recipients of Newstart and Youth Allowance.
The NSSRN stated in their
We are particularly disappointed that the Minister continues
to state that this measure simply removes compensation no longer needed because
of the repeal of the carbon tax. That this is incorrect (because normal indexation
of the basic payment rates did not occur at the time the supplement was
introduced) and has been pointed out numerous times in the media and by experts
in this area.
This measure cannot be supported
by the Australian Greens. It would see the payment drop to a rate lower than it
would have been if there had been no carbon price or compensation due to the
adjustment to indexation when the Energy Supplement was introduced. It would
put people living on already inadequate payments further into poverty.
Stopping the payment of pension supplement after six weeks overseas
This measure will stop the
payment of pensions supplement after six weeks temporary absence overseas and
immediately for permanent departures.
This measure would apply to the
GST component of the Pension Supplement as the rest of the supplement is
already no longer not payable after six weeks overseas. While in theory this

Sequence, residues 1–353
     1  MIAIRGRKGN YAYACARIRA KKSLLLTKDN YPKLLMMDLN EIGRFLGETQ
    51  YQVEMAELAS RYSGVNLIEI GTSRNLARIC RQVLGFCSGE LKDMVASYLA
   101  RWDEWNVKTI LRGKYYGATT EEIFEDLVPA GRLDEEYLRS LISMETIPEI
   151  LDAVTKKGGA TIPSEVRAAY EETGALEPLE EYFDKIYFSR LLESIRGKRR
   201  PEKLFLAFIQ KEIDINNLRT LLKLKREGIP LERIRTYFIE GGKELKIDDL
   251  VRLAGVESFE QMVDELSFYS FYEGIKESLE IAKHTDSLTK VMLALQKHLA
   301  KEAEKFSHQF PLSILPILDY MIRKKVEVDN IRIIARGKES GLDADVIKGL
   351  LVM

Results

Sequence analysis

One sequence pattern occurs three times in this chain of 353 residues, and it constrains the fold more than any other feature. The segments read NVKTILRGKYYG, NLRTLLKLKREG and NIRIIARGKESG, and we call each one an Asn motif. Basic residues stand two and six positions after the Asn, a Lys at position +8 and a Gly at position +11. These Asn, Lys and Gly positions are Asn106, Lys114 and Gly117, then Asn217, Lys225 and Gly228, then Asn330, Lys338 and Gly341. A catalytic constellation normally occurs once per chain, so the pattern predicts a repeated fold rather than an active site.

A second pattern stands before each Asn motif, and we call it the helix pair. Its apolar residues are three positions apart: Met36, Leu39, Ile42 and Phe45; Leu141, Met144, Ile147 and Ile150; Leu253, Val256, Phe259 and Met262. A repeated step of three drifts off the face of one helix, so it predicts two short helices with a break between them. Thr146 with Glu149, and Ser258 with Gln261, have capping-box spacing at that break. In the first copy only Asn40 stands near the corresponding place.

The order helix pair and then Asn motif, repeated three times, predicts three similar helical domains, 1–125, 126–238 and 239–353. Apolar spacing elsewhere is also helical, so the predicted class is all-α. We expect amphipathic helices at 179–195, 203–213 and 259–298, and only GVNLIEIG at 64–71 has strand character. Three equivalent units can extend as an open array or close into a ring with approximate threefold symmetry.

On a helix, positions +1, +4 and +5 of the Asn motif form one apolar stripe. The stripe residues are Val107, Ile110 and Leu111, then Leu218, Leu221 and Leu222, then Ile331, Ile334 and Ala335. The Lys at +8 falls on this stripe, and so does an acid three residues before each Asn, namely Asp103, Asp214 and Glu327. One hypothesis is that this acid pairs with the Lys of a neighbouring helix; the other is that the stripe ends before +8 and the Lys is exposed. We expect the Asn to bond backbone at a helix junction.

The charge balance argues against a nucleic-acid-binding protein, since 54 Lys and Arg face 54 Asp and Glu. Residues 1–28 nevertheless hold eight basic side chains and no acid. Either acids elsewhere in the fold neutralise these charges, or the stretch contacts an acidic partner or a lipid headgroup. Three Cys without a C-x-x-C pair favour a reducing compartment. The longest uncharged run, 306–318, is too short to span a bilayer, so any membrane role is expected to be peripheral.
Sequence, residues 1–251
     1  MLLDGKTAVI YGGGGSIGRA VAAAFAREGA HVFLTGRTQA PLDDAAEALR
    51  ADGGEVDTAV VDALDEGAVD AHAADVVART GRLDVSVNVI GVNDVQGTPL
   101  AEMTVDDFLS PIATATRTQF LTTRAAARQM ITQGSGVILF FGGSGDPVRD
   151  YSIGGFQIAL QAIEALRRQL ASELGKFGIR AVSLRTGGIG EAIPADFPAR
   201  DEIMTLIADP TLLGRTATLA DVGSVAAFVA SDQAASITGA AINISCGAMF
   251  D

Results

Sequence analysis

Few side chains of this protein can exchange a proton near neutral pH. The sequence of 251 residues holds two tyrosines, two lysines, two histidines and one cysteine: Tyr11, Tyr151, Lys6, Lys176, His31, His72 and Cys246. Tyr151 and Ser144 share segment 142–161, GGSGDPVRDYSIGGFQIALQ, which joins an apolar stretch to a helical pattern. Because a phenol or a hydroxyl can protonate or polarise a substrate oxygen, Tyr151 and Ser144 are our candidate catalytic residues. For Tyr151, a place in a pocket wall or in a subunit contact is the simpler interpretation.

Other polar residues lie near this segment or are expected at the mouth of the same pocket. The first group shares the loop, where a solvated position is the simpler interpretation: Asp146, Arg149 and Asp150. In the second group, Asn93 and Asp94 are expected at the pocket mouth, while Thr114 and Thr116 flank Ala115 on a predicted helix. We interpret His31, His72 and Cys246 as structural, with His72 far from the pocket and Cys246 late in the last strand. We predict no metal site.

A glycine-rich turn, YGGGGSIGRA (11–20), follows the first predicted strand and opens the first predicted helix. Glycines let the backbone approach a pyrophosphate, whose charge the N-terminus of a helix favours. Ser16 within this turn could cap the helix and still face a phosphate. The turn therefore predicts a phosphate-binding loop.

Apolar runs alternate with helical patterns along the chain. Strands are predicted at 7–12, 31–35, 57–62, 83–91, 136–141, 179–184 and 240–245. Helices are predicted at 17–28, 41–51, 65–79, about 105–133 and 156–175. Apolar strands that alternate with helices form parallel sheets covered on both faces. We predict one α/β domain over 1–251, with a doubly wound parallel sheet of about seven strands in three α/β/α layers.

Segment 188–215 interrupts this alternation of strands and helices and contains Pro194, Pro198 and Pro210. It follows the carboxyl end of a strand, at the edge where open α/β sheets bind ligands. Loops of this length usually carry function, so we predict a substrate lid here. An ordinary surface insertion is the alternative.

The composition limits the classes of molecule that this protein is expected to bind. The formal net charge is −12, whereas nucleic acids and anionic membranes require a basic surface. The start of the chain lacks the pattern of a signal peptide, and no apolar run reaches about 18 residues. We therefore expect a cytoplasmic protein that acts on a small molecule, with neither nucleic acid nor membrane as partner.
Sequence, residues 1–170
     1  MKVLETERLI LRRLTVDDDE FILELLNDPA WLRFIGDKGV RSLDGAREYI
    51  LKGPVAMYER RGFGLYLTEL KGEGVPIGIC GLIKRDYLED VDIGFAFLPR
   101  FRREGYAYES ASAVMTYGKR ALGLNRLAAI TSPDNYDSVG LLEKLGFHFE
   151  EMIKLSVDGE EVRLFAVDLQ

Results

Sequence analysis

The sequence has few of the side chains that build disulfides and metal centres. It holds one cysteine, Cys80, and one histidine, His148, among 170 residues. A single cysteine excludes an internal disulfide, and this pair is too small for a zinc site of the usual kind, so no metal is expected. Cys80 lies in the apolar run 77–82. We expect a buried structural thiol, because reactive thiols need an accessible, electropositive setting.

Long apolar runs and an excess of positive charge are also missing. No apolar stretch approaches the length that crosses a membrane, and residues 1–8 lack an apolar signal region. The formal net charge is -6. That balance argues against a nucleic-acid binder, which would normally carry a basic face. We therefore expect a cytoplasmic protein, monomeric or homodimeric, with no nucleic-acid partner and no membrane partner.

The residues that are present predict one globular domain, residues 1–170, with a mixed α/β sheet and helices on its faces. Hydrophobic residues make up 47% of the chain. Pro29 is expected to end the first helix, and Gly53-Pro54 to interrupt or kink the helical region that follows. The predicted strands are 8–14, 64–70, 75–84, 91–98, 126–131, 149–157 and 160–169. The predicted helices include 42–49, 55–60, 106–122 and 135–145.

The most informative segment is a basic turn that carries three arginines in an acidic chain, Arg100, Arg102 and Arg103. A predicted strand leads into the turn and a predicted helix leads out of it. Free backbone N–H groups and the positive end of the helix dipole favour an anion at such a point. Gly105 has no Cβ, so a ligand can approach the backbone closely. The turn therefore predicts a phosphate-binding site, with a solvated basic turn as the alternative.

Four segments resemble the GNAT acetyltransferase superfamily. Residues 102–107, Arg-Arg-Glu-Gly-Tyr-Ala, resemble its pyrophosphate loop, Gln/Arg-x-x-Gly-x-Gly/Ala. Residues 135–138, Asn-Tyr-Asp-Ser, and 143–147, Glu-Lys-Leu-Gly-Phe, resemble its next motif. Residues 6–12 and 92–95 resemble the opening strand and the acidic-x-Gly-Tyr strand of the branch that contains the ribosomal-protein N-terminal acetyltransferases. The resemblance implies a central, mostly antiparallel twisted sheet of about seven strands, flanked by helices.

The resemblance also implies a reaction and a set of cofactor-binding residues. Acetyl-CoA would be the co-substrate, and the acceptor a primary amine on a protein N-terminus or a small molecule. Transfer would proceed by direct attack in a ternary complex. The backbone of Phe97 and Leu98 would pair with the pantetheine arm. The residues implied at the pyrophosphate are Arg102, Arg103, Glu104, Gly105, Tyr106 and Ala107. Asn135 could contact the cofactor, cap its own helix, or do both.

measure should not disadvantage pensioners whilst overseas because they are not
paying GST, in practice it reduces their income. This underscores the need for
supplements to be rolled into the base rate. Many affected by this measure may
be affected by the reduced portability (and reduced pension) in Schedule 5.
The Australian Greens do not
support this measure.
Automation of income stream review processes
This measure will allow for the
automation of the regular income stream review process by enabling the
Secretary to require income stream providers to transfer a data set to the
Department of Human Services (DHS) on a regular basis.
The Australian Greens cannot
support this measure. As we have seen with the recent Centrelink debacle and
ensuing inquiry, there is a distinct lack of public confidence in DHS
particularly in regards to automated systems. Considering the mistakes that
have been made in the automation of Centrelink debt assessments, there is good
reason to hold concerns about the implementation of such a program and the
Department of Human Services' capacity to accurately implement and assess an
income stream review process via an automated system.
While technology can be
beneficial to both the Department of Human Services and those using the social
security system, as we have recently seen, the Government has been unable to
implement and maintain an accurate automated debt recovery program as well as a
reliable online service and phone system. That they are proposing another
automated review process before the current crisis has been resolved is deeply
In this regard Ms Charmaine
Crowe, Senior Policy and Advocacy Officer from ACOSS told the inquiry:
Our concern remains around the accuracy of the automation of
the process. As you have pointed out, we are not filled with confidence when it